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Severe dry Mouth and Menopause??

I have been experiencing a severe dry mouth for a few years now and it is so bad now i dont know what else to do. I have tried everything HRT, other mouth things medication but cant seem to get reliefe.. Has anyone else experienced this? Can you give me some advice?
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replied January 8th, 2013
Hi,
Welcome to ehealthforum,
Dry mouth or Xerostomia (medical term used for dry mouth due to lack of saliva) occurs when there is not enough saliva to keep the mouth wet, or when there is reduced or absent saliva flow. This condition is also known as pasties, cottonmouth, drooth, doughmouth or des (from desert). Most often it is usually a subjective complaint - the patient complains about it and subsequently sees the doctor. Xerostomia is usually caused by the inadequate function of the salivary glands. It can lead to speech and eating difficulties, halitosis (bad breath), an increase in the number of dental cavities (saliva helps prevent tooth decay), and infections in the mouth, such as thrush. It is a common problem and is frequently seen as a side effect of medication, which may improve with a new prescription or an adjustment of dosage. Xerostomia may also be a symptom of a underlying serious systemic disease, such as systemic lupus erythematosus, rheumatoid arthritis, scleroderma, sarcoidosis, amyloidosis, Sjogren's syndrome and hypothyroidism. Medications or prescription and OTC (over-the-counter, no prescription required) medications can cause dry mouth, including antihistamines, hypertensive medications (for high blood pressure), anti-diarrheals, muscle relaxants, urinary continence drugs, some Parkinson's disease medications, as well as a number of antidepressants, cancer treatment especially radiotherapy (radiation therapy) to the head and neck can damage the salivary glands, resulting in less saliva being produced. Chemotherapy used can alter the nature of the saliva, as well as how much of it the body produces. Any injury or surgery - which results in nerve damage to the head and neck area, can result in dry mouth. Tobacco - either chewing or smoking tobacco can aggravate dry mouth symptoms. Dehydration - caused by lack of sufficient fluids can worsen dry mouth. Some health conditions, illnesses and habits that can also result in dry mouth include: Anxiety disorders, Depression, HIV/AIDS, Parkinson's disease, Poorly controlled diabetes, Sjogren's syndromes, Sleeping with the mouth open, Snoring, Stroke and Alzheimer's disease - more likely to cause a perception of dry mouth. Consider visiting your doctor or dentist and go ahead with getting blood tests and imaging scans of the salivary glands along with other special tests like Sialometry (it measures the flow rate of saliva), Saliography (a radiographic examination of the salivary glands and ducts after the introduction of a radiopaque material into the ducts to rule out obstruction due to salivary gland stones and masses) and a Biopsy (to rule out malignancy). The treatment for xerostomia depends on several factors, such as whether there is underlying condition or disease, or is there is certain medications that may be causing dry mouth. Once the cause is found steps need to be taken to minimize its effect. Sometimes medications prescribed to stimulate saliva production can prove to be effective. Symptomatic treatment for dry mouth typically includes four components: Increasing the flow of saliva, Replacing lost secretions, Controlling dental caries, Some specific measures, such as treating infections. Oral/dental hygiene with plaque removal and treatment of gingival infections, inflammation and dental caries, brushing teeth and flossing regularly can help. Sipping fluids (non-carbonated, sugarless), chewing xylitol-containing gum, and using a carboxymethyl cellulose saliva substitute as a mouthwash may also help to control the symptom (mouthwashes which contain alcohol should be avoided). Once treatment is started, patient is generally advised to conduct a daily mouth examination, looking out for unusually colored patches, tooth decay or ulcers and report anything unusual to their doctor or dentist. Individuals with xerostomia should also avoid: Sugary foods or drinks, Acidic foods or drinks, Dry foods, Spicy foods, Astringents, Excessively hot or cold drinks, Alcohol consumption, Caffeine (consumption should be kept to a minimum), Chewing or smoking tobacco. Other temporary measures include eating foods as carrots or celery to help with residual salivary gland function. Breathing through the nose to avoid drying of mouth. Use of a humidifier to add moisture to a bedroom (this may be helpful to reduce dry mouth symptoms that develop during sleep).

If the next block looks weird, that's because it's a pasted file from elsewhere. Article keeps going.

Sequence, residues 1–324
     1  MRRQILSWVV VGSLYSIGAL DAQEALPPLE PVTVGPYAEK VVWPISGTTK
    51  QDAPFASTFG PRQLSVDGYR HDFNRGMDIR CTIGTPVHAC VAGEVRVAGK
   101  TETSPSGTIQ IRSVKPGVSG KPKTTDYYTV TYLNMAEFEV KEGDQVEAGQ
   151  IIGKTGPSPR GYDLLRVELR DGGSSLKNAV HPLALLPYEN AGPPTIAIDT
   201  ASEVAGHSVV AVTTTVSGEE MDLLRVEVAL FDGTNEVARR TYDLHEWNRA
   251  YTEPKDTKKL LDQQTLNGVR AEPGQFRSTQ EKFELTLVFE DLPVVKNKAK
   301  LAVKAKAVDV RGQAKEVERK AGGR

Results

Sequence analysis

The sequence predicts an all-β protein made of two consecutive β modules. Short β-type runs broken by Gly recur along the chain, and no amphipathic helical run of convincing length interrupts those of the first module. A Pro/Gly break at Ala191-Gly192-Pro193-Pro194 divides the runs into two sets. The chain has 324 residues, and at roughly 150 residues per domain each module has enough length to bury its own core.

Take care.



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